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Digging my first hugel bed

 
marc dostie
Posts: 7
Location: Jersey Shore, Zone 7a, annual rainfall 46"
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I'm trying to fight analysis paralysis with respect to my garden, so I've gone out and straight away started digging a ditch in my sandy, compacted soil to bury a rotting maple and some other fungus bearing logs. What should i plant in the berm for the winter here (zone 7a, ~45" annual rainfall)?
I'm thinking clover and vetch, and maybe trying some fruit and nut tree seeds.

I'll be putting in a few beds that will (spring) be planted with nettles, cabbage, carrots, squash, comfrey, various lettuces, a goji bush, potatoes, beans, arugula, asparagus, strawberry, tomatoes, onions, and paw paw.

I'm going to plant them out in guilds following the companion planting guidelines I've seen. But for now I'm just going to put in the cover crops (vetch / clover). Any input good or bad is much appreciated. Thanks All!
 
John Elliott
pollinator
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Why wait until spring for the veggies? Here's a list of winter hardy vegetables and their hardiness temperatures:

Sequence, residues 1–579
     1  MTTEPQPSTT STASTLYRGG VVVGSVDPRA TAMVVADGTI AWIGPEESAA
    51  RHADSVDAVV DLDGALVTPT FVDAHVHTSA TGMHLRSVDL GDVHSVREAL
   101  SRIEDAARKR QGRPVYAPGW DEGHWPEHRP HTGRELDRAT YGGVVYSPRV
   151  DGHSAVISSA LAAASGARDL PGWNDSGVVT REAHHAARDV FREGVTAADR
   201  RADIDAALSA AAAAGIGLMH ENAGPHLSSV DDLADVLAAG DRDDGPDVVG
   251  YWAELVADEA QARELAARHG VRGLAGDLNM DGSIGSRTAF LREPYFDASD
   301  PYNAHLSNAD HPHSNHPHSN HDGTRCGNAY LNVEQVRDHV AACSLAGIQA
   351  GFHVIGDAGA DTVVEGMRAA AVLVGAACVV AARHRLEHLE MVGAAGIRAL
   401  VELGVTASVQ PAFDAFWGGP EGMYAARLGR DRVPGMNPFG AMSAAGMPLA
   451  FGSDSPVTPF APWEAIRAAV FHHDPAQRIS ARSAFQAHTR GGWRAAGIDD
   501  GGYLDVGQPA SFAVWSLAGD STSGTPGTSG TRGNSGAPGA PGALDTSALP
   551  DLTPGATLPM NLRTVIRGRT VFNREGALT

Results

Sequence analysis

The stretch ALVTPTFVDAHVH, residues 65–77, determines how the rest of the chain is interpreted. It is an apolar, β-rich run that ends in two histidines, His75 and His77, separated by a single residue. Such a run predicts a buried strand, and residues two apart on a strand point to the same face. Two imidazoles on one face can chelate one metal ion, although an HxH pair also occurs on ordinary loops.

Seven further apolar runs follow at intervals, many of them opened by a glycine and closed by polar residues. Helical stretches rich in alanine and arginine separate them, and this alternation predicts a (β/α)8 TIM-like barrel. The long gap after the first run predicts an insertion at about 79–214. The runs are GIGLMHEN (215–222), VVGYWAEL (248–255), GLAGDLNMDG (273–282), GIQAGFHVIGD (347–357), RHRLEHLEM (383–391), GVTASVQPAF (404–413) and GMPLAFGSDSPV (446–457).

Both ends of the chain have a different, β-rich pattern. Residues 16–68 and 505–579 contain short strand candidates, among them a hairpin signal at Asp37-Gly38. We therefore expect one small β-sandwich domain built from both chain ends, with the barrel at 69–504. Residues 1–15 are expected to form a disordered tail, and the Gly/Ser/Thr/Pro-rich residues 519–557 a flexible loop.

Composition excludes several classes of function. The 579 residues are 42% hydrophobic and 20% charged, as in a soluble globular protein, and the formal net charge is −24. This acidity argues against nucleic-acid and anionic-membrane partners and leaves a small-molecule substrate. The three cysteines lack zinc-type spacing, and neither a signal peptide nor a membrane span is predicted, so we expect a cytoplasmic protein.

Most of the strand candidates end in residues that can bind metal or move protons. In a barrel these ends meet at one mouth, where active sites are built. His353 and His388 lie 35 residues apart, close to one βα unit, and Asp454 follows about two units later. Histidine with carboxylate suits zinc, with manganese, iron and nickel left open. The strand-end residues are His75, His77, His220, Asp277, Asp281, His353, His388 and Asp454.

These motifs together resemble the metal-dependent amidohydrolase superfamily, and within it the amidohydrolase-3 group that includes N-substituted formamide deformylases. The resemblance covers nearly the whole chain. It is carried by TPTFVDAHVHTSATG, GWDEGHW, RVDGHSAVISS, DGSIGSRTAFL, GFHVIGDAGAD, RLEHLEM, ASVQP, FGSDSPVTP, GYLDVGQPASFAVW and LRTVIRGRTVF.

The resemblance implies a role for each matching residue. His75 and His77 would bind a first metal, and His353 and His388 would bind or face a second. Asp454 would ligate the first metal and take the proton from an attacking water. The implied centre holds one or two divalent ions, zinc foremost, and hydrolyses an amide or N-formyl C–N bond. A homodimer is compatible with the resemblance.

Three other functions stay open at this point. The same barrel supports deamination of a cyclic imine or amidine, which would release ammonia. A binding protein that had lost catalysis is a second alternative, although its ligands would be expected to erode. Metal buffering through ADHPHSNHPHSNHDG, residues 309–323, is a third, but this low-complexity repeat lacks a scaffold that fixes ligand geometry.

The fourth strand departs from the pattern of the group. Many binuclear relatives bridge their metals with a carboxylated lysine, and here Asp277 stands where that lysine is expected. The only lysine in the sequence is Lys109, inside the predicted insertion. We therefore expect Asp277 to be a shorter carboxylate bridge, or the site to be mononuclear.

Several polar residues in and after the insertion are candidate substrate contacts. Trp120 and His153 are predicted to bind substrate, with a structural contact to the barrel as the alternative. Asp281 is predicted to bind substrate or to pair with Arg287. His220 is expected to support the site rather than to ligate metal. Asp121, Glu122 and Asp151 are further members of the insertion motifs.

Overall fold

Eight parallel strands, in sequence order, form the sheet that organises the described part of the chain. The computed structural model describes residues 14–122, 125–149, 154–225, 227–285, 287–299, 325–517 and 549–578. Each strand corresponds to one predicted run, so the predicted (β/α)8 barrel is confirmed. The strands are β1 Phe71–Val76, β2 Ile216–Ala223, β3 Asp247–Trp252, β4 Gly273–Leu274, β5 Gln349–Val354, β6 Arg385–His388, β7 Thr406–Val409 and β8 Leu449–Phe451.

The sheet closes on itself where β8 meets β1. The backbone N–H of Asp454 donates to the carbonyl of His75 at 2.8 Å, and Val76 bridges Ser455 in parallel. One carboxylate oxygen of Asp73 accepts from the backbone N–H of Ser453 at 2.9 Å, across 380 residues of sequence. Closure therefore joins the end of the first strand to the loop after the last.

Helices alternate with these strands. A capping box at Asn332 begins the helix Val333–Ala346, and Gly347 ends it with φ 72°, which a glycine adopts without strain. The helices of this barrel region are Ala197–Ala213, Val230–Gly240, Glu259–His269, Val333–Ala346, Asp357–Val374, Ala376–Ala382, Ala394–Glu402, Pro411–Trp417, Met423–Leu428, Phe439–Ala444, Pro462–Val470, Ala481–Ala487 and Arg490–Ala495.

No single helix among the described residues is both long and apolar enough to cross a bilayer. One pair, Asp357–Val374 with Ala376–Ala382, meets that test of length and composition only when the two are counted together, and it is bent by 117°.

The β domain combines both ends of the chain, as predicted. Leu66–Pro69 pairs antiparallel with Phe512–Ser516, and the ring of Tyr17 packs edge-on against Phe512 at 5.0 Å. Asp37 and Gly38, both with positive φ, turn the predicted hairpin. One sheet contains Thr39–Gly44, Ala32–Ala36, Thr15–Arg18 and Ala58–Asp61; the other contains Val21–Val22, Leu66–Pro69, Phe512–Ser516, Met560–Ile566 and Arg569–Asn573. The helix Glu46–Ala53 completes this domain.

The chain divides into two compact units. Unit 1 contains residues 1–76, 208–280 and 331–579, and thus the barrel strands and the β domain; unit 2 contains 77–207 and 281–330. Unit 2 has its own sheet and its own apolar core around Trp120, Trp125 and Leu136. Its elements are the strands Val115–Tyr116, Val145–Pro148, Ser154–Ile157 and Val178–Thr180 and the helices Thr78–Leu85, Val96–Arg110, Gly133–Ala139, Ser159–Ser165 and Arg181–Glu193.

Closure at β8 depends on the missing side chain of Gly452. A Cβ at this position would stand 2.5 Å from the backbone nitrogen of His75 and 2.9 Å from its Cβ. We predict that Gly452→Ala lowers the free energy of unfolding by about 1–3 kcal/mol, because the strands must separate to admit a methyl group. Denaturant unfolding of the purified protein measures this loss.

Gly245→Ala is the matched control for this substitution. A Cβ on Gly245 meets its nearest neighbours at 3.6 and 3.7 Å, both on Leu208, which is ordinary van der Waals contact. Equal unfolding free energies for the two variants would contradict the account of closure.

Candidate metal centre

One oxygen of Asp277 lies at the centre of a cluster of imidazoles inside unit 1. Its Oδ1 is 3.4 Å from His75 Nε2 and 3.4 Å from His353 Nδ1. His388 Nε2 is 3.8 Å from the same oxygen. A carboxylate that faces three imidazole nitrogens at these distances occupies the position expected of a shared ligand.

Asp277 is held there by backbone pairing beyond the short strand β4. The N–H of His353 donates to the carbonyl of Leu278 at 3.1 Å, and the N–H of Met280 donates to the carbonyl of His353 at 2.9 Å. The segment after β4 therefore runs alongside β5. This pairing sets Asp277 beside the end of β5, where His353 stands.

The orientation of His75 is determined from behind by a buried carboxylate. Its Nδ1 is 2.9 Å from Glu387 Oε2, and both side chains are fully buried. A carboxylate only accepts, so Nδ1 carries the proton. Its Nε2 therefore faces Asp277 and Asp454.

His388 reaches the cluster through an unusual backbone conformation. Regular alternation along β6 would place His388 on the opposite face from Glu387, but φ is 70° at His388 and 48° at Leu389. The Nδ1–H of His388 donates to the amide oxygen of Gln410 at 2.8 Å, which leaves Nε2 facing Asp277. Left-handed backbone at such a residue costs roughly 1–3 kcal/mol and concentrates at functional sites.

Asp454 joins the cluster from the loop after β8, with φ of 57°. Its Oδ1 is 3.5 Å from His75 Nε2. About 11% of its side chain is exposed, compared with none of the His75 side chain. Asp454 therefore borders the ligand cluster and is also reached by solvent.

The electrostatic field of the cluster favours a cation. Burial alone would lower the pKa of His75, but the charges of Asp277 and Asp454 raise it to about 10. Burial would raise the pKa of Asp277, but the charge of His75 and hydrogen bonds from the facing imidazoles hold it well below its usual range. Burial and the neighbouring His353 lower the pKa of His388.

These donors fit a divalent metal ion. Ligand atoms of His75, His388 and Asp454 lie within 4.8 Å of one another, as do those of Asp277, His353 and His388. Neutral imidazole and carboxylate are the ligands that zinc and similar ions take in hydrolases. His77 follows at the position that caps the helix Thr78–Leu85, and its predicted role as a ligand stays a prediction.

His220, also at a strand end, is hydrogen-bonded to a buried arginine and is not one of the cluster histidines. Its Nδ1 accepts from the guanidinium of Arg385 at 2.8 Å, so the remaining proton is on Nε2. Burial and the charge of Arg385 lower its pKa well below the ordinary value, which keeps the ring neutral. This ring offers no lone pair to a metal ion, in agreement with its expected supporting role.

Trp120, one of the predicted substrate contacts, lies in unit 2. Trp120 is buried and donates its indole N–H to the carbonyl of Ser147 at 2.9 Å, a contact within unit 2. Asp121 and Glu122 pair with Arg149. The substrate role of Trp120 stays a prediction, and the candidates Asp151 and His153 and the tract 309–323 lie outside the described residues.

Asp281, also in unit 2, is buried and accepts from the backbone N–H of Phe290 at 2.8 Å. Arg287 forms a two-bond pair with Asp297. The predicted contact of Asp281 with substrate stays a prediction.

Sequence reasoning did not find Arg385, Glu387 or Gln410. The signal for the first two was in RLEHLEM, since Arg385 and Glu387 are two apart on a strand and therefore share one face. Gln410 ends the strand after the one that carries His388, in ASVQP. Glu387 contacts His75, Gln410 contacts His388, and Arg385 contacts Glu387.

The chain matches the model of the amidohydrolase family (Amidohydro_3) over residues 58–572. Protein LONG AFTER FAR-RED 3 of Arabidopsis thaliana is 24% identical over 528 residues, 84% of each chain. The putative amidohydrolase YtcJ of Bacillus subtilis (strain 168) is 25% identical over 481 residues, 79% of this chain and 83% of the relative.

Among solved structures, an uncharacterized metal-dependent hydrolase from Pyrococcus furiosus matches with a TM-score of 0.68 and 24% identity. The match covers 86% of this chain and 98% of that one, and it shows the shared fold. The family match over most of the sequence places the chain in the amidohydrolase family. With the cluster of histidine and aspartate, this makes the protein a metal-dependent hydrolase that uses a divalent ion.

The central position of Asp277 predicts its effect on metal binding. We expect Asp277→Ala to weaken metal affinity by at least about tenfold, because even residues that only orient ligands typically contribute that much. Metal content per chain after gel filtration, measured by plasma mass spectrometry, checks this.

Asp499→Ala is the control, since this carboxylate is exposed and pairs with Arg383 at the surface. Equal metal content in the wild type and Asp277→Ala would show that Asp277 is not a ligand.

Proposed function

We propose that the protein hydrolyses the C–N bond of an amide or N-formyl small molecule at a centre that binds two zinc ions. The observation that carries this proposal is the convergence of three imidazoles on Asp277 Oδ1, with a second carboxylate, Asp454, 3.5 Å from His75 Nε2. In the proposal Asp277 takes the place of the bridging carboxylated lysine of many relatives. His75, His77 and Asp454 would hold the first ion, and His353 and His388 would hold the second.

15°F (-9.5°C): Some beets (Albina Verduna, Lutz Winterkeeper), beet leaves, broccoli leaves, young cabbage, celery (Ventura) with rowcover (some inner leaves may survive at lower than this), cilantro, endive, fava beans (Aquadulce Claudia), garlic tops may be damaged but not killed, Russian kales, kohlrabi, perhaps Komatsuna, some covered lettuce, especially small and medium-sized plants (Marvel of Four Seasons, Rouge d’Hiver, Winter Density), curly leaf parsley, flat leaf parsley, oriental winter radish with mulch for protection (including daikon), large leaves of broad leaf sorrel, turnip leaves, winter cress.

12°F (-11°C): Some cabbage (January King, Savoy types), carrots (Danvers, Oxheart), multi-colored chard, most collards, some fava beans (not the best flavored ones), garlic tops if fairly large, most fall or summer varieties of leeks (Lincoln, King Richard), most covered lettuce (Freckles, Hyper Red Rumpled Wave, Parris Island, Tango) , large tops of potato onions, Senposai, some turnips (Purple Top).

10°F (-12°C): Beets with rowcover, Purple Sprouting broccoli for spring harvest, Brussels sprouts, chard (green chard is hardier than multi-colored types), mature cabbage, some collards (Morris Heading), Belle Isle upland cress, some endive (Perfect, President), young stalks of Bronze fennel, perhaps Komatsuna, some leeks (American Flag), Oriental winter radish, (including daikon), rutabagas, (if mulched), tops of shallots, large leaves of savoyed spinach (more hardy than flat leafed varieties), tatsoi, Yukina Savoy. Also oats cover crop.

5°F (-15°C): Garlic tops if still small, some kale (Winterbor, Westland Winter), some leeks (Bulgarian Giant, Laura, Tadorna), some bulb onions (Walla Walla), potato onions and other multiplier onions, smaller leaves of savoyed spinach and broad leaf sorrel.